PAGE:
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About Dystonia

Dystonia is a neurological movement disorder affecting as many as 250,000 people in the United States.1 Primarily a hereditary condition, dystonia can cause severe involuntary muscle contractions that may interfere with your everyday life. A Medtronic therapy may be able to help.

Definition and Symptoms

Dystonia is a neurological movement disorder characterized by involuntary muscle contractions. These contractions force certain parts of the body into repetitive, twisting movements or painful postures. Dystonia is the third most common movement disorder in the United States, following essential tremor and Parkinson’s disease.1 

Dystonia can cause severe involuntary muscle contractions that may interfere often with everyday functions like walking, sleeping, eating, and talking.

Types of Dystonia

There are two types of dystonia:

  • Primary dystonia – a condition in which dystonia is the only symptom (no other pathology)
  • Secondary dystonia – the result of another health condition such as stroke or infections. It may also result from an injury, such as trauma to the brain

Dystonia is further classified by the part of the body that is affected:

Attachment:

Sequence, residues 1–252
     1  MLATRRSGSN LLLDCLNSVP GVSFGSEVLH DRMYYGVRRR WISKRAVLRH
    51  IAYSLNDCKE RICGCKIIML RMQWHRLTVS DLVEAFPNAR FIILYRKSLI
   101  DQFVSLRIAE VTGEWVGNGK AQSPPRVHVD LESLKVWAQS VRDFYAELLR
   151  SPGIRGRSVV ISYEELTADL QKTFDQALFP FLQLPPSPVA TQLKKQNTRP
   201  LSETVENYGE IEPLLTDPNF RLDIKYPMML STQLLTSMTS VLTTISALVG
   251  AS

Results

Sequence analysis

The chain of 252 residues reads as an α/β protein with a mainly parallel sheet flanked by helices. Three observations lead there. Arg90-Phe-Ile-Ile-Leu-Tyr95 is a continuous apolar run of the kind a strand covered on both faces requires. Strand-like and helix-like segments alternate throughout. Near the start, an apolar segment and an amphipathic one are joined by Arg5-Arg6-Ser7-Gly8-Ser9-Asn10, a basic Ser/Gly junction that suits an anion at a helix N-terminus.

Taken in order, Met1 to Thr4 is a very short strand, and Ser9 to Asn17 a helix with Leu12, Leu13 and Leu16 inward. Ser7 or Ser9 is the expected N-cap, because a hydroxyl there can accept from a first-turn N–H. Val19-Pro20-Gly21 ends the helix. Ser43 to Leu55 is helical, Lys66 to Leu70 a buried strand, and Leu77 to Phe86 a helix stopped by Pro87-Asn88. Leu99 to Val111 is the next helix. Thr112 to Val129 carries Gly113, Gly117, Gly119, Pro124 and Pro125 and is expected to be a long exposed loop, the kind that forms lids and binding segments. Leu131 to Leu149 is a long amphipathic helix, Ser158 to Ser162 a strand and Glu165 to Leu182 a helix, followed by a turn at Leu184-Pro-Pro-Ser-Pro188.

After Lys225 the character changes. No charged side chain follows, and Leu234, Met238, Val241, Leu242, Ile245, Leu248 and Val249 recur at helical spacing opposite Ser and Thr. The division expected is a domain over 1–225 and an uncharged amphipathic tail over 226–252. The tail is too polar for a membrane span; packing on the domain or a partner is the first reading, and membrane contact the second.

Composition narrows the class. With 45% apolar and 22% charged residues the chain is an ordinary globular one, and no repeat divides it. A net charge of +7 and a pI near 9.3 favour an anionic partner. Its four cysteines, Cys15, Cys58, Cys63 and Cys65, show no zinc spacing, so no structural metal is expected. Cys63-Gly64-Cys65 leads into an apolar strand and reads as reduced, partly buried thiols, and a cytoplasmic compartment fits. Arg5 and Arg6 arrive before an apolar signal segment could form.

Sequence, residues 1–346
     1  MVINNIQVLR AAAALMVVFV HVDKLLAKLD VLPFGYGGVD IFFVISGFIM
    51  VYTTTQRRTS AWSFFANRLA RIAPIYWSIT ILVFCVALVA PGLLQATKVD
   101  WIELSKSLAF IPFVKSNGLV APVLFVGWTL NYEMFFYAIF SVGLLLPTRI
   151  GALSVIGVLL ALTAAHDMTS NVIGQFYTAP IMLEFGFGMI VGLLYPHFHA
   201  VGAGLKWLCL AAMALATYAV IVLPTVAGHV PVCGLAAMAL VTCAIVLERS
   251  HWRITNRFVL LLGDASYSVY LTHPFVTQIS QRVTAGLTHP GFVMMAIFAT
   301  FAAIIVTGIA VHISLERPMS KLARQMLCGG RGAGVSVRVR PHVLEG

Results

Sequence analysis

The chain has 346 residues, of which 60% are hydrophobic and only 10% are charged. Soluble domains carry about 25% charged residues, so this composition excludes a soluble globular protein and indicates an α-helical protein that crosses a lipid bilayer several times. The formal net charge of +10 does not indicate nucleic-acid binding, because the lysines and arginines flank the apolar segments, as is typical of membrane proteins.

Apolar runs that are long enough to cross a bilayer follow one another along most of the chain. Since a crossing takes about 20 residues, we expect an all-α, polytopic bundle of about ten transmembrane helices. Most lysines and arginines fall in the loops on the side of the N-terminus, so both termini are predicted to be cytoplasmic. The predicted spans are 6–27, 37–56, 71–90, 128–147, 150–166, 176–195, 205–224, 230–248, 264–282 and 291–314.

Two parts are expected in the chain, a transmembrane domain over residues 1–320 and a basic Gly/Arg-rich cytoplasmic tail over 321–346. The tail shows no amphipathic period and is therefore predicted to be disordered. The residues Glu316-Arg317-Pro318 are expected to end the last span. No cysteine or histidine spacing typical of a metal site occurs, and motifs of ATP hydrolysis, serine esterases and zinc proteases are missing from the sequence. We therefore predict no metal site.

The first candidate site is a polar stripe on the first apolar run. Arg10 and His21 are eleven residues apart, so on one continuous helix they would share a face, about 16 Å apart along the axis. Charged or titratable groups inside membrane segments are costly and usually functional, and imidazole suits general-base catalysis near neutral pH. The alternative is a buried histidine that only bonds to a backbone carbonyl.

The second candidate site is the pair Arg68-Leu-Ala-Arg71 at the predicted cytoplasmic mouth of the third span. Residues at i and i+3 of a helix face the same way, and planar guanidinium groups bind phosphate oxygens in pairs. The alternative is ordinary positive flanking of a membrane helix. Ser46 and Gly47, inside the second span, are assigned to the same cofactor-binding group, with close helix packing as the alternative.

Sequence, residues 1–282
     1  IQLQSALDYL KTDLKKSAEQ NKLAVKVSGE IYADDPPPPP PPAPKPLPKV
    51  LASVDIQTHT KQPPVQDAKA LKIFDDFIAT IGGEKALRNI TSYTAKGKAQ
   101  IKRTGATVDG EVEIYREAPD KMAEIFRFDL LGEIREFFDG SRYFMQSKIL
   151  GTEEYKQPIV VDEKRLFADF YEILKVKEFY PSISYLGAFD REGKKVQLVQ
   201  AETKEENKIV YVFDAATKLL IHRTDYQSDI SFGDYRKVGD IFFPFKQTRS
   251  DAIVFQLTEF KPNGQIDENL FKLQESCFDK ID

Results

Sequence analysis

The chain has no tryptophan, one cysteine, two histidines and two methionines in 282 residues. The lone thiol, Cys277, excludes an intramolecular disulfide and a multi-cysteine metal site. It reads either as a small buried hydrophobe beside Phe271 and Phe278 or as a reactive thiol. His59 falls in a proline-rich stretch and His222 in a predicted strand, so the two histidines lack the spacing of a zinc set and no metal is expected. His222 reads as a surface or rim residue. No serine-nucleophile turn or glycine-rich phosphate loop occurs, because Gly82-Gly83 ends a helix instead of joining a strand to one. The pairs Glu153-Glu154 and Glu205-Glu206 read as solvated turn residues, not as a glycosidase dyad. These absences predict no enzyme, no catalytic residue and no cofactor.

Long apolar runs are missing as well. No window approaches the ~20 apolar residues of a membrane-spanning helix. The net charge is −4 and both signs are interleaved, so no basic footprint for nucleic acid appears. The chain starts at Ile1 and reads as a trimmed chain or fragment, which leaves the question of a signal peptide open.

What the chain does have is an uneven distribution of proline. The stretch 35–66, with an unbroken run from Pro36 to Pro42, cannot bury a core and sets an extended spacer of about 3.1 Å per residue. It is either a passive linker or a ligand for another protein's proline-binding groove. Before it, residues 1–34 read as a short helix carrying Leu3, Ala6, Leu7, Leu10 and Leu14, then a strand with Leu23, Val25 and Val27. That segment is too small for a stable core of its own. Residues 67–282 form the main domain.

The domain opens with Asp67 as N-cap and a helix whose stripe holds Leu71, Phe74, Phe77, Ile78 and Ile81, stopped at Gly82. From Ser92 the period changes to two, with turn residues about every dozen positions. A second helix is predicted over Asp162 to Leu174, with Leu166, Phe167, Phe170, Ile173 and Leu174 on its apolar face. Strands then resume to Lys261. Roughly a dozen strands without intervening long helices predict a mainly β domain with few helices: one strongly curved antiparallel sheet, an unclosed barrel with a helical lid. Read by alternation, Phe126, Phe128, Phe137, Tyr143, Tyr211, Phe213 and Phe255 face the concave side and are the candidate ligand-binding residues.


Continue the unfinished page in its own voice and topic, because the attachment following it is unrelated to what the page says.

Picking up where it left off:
• Focal dystonia (including cervical) affects one area of the body
  • Segmental dystonia affects two or more nearby areas of the body
  • Generalized dystonia affects the entire body

Causes

Although the causes of dystonia are unclear, primary dystonia is mainly hereditary. Generalized dystonia is considered the most difficult form of dystonia to live with and to treat.

Reference

  1. Dystonia. American Association of Neurological Surgeons. aans.org. Accessed September 26, 2011.

 

Humanitarian Device: Medtronic DBS Therapy has been authorized by Federal Law for the use as an aid in the management of chronic, intractable (drug refractory) primary dystonia. The effectiveness of this device for this use has not been demonstrated. What does this mean?

Information on this site should not be used as a substitute for talking with your doctor. Always talk with your doctor about diagnosis and treatment information.

Last updated: 9 Jan 2012

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